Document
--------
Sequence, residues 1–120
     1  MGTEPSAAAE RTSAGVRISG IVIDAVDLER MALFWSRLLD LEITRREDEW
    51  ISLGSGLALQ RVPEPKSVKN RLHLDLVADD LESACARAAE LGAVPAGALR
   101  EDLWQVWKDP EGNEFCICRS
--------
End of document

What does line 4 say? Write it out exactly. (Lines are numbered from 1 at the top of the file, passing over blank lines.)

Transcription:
   101  EDLWQVWKDP EGNEFCICRS